The Poughkeepsie Common Council has until May 19 to override â with six of eight votes in favor â the mayorâs veto of the resolution to fund the city bus system through the end of the year. Video by Jack Howland/Poughkeepsie Journal
By May 19, City of Poughkeepsie residents will learn the fate of the funding for the city bus service.
Thatâs the deadline for the city common council to override â with six of eight votes in favor â Mayor Rob Rolisonâs veto of the resolution the council passed on April 19 to fund the city bus system through the end of the year. The city’s 2017 budget only funds the city bus service through June 30, at which point Rolison hopes to implement his long-gestating plan to consolidate the city and county services.
On Monday, before the evening common council meeting at Poughkeepsie City Hall, opponents of thatÂ bus consolidation plan intend to march from the Family Partnership Center to city hall as part of Community Voices Heardâs event âHudson Valley May Day Rally.â
Councilmember Chris Petsas, D-1st Ward, whoâs led the opposition movement among the council, said he willÂ likely not pursue that override vote on Monday, though he expects a crowd of city residents to show up in support of funding the city bus service through the end of the year.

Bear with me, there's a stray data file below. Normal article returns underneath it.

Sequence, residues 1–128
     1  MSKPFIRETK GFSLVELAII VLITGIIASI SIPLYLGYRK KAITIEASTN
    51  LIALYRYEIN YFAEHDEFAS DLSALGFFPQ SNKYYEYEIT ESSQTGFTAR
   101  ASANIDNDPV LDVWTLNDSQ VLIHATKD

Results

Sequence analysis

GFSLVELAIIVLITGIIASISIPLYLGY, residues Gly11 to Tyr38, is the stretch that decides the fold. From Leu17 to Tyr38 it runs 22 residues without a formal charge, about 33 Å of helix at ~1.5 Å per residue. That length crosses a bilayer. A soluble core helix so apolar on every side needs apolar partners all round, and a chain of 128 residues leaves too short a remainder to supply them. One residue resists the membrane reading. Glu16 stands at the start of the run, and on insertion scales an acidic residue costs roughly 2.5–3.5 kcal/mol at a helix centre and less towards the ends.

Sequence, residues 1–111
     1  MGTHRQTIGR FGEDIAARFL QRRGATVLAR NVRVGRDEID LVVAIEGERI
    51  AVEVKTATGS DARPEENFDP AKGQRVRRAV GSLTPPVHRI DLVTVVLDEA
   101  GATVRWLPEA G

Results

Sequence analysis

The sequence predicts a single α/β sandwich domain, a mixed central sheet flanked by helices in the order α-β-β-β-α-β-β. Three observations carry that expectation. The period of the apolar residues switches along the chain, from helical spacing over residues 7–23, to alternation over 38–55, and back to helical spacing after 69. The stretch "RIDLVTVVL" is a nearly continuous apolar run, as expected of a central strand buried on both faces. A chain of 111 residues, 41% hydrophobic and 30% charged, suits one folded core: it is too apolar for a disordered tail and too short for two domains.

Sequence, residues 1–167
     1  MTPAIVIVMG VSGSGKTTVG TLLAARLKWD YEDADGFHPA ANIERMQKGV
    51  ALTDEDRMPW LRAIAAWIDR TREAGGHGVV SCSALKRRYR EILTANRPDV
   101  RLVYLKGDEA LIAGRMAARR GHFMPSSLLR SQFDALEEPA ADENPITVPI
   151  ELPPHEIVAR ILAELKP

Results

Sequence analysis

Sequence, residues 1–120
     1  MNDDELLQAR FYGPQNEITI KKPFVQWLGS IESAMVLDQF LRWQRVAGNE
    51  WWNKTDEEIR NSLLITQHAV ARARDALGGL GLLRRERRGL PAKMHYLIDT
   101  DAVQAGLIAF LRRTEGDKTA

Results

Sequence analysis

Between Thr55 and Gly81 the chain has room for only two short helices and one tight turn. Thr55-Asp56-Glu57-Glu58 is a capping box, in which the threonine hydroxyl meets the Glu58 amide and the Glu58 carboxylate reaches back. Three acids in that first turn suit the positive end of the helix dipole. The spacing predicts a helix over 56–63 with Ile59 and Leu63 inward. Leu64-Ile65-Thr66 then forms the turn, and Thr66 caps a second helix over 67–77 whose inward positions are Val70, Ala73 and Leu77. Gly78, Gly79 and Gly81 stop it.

Kevin Newman, 64, a City of Poughkeepsie resident who uses the bus system when inclement weather keeps him from riding his bike, plans to attend the rally.
âWe need the two systems, and the two are complementary,â he said. âThe city bus service provides that neighborhood service, and the county bus provides more of a corridor, or highway, service.â
On this issue, two camps have emerged on the city council: Those who support the mayor, who has called the bus consolidation plan a necessary measure to help bring down the cityâs roughly $13 million deficit; and those who support the opposition movement thatâs fueled by a belief that city bus funding continue and consolidation would weaken the service.
The resolution to fund the city bus service that Rolison later vetoed passed 5-3, with dissenting votes from Matthew McNamara, D-8th Ward, Mike Young, D-2nd Ward, and Lee David Klein, R-4th Ward. Overriding the veto would take six votes.
Rolison said on Saturday he was confident the common council, and in particular the dissenting members, will uphold his veto.
âMy expectation is that they would not support overriding the veto since they didnât support the action to begin with,â he said.